Making their U.S. debut, eclectic Russian band  Opa headlined and offered an unstoppably kinetic take on many of the directions klezmer continues to expand into. With tenor saxophone, trumpet, trombone, guitar, bass and drums going full force, they opened with a catchy old Russian riff that they built into straight-ahead oldschool disco. From there the band romped back and forth through time, vocally and instrumentally, flavored with acidic no wave guitar, Talking Heads funk and maybe a little Gang of Four. As the special guests made their way to the stage until there wasn’t much room left up there, the group took a detour into the tropics with some rocksteady, a couple of snaky klezmer cumbia mashups, a bit of Balkan reggae, hints of salsa and then a rousing return to the classics at the end of four nonstop hours of music. By then most of the oldsters – an impressive number, considering how deep in the ‘Shweck the venue is – had gone home, leaving the floor to the kids, many of them couples, who’d spent pretty much the entire time on their feet. By then it was as if the music itself had taken on a personality of its own, overjoyed to be brought back from death’s door in the nick of time.

Que Vlo-Ve Bring Haunting, Edgy Greek Crime Rhymes and Revolutionary Anthems to Barbes

Que Vlo-Ve aren’t the only band in town who play haunting, Turkish-influenced Greek revolutionary songs and hash-smoking anthems from the 20s and 30s, but they’re one of the best. Right now they’ve got three singles up at Bandcamp as free downloads, which offer an intriguing glimpse of the kind of material they’re likely to air out at their upcoming show at Barbes on Nov 26 at 8 PM. The first song, O Psilos, shows off the lively, upbeat side of their music. The second, Ferte Preza Na Prezaro, dances along with forceful Greek vocals from frontman/percussionist Quince Marcum and biting chromatics from violinist Maya Shanker and guitarists Wade Ripka and Izaak Mills. The most recent one, To Baglamadaki Spase is slower and more brooding.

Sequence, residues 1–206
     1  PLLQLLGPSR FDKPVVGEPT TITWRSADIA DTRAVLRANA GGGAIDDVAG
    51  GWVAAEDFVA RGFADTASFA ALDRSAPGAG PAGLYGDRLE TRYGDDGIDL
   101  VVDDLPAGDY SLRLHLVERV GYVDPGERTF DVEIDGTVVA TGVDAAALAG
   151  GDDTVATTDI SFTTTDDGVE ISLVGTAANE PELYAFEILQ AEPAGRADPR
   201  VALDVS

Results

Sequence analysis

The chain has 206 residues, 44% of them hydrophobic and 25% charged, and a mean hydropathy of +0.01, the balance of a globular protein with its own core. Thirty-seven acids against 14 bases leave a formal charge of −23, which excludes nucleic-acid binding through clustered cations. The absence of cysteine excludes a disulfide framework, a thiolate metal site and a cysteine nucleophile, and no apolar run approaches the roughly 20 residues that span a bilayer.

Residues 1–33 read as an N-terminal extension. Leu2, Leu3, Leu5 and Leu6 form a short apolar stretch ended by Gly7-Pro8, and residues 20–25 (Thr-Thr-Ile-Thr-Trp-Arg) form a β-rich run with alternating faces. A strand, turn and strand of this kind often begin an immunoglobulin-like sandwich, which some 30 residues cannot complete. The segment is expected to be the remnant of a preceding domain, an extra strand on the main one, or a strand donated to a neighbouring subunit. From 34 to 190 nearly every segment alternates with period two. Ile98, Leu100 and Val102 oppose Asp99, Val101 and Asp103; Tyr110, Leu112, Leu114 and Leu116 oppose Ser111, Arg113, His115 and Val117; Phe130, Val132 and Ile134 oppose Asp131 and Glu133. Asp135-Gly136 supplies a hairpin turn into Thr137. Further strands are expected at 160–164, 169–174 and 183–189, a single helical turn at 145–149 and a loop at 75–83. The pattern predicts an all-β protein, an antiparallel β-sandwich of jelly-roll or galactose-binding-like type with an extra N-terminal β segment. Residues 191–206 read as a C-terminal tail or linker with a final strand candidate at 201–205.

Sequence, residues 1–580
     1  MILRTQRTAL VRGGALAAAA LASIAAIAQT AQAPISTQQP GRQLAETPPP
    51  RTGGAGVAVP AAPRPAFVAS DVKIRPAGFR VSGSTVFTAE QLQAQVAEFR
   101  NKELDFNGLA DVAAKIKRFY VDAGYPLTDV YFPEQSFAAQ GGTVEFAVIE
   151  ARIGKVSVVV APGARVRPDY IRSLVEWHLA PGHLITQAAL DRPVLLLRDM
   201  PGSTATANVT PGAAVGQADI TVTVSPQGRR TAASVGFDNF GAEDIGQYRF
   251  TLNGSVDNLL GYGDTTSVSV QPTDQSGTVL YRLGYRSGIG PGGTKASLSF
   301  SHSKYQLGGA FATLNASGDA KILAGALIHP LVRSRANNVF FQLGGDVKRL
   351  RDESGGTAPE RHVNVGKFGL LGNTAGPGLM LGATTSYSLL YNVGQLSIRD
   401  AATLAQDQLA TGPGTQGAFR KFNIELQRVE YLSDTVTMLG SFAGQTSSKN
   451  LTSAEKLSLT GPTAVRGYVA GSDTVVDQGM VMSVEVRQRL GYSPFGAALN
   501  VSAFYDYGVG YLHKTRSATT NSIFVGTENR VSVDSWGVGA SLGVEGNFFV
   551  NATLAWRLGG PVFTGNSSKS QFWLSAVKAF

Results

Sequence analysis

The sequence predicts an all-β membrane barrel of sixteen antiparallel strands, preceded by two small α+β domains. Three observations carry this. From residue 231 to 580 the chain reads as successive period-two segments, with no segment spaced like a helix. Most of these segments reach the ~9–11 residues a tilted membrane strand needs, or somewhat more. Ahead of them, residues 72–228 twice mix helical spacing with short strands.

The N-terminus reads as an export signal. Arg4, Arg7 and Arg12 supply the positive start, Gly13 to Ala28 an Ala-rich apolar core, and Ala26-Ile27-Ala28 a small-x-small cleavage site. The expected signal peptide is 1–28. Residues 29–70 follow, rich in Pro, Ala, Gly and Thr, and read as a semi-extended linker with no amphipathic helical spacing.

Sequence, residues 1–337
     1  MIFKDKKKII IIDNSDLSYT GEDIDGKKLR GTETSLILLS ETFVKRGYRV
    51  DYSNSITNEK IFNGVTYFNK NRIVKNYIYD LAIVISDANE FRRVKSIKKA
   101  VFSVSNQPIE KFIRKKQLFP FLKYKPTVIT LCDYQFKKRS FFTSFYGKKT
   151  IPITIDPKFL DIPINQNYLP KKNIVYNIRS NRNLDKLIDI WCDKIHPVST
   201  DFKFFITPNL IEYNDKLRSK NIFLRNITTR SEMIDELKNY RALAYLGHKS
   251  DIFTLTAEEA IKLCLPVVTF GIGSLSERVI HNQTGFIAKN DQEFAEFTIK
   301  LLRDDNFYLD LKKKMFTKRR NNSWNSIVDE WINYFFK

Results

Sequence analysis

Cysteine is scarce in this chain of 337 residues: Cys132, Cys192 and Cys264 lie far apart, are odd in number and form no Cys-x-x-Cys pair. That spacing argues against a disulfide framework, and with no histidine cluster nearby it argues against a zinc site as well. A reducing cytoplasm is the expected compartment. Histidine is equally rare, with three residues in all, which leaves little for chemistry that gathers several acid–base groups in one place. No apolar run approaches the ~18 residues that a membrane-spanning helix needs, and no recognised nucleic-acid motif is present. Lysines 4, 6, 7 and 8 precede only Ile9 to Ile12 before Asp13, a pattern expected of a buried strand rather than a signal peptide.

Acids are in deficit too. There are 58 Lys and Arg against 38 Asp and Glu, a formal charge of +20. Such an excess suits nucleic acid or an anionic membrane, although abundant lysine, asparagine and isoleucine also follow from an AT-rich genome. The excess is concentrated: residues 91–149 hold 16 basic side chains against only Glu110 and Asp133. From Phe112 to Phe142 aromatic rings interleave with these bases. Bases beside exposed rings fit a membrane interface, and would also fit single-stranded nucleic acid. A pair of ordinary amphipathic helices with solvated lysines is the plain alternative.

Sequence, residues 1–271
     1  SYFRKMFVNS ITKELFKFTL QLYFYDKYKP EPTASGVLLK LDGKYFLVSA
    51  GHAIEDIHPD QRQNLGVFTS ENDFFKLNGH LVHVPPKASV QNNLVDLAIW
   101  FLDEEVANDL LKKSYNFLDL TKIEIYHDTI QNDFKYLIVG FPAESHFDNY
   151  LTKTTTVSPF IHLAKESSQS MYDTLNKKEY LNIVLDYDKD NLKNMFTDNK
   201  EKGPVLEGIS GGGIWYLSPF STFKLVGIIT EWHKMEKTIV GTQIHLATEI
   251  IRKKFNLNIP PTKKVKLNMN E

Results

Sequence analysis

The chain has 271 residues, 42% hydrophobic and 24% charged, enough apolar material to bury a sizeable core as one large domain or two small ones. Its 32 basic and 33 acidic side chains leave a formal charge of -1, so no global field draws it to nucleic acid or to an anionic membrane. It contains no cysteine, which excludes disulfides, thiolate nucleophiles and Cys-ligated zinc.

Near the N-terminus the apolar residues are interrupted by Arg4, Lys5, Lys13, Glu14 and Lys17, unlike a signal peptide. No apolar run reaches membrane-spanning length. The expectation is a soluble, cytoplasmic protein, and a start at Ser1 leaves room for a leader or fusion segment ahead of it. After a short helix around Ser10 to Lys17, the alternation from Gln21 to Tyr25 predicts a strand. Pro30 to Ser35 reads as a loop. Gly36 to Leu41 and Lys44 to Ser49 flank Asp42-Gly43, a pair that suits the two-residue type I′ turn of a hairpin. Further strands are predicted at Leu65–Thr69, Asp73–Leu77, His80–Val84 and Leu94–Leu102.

At their previous Barbes show, Marcum told the audience that although it would be overly reductionistic to explain this music as something created by a clash between stoners and drunks, there’s some truth to that. The backstory is that when the Turkish dictatorship kicked its indigenous Greek population out of Smyrna right before World War I, those people once again found themselves outcasts once they’d made it to Greece since their expatriate culture differed in many ways from what was the rule on the mainland. As a soundtrack to their demimonde, which helped fuel the Greek underground resistance to their own repressive dictatorship, they invented rembetiko, the so-called “Greek gangster blues” that draws heavily on ominous, Middle Eastern sounds from Turkey and points further east.

Marcum intoned in an expressive baritone as Shanker and Ripka passed a spiky baglama lute back and forth. One airy song concerned a guy trying to impress a hot girl with how cunning a linguist he is – he speaks both Greek and Turkish, plus, since she’s Jewish, a little Ladino. Another, The Knife Fight offered a tale of death and retribution in the criminal underworld: hip-hop themes go back a lot further than Biggie Smalls. The chorus of one murky, hypnotic tune reminded how it takes a stoner to know a stoner: a Greek take on When You’re a Viper, more or less. A little later they played an even more hypnotic tune, a drug smuggler’s sea chantey of sorts.

Ripka opened a couple of numbers with slowly unfolding, mysterious guitar improvisations, one on baglama. Shanker’s soaring violin carried most of the big crescendos and the occasional departure into otherworldly Arabic microtones. The funniest number was The Flea, a deviously dancing tune: Marcum explained that its gist is, “I will penetrate you and keep you awake, just like you keep me awake all night.” For the sake of the non-Greek speakers in the crowd, that context added a dimension too often missing at performances of this kind of esoterica.

What does Que Vlo-Ve mean? That’s not clear. However, there once was a scholarly journal of Apollinaire studies with that same name.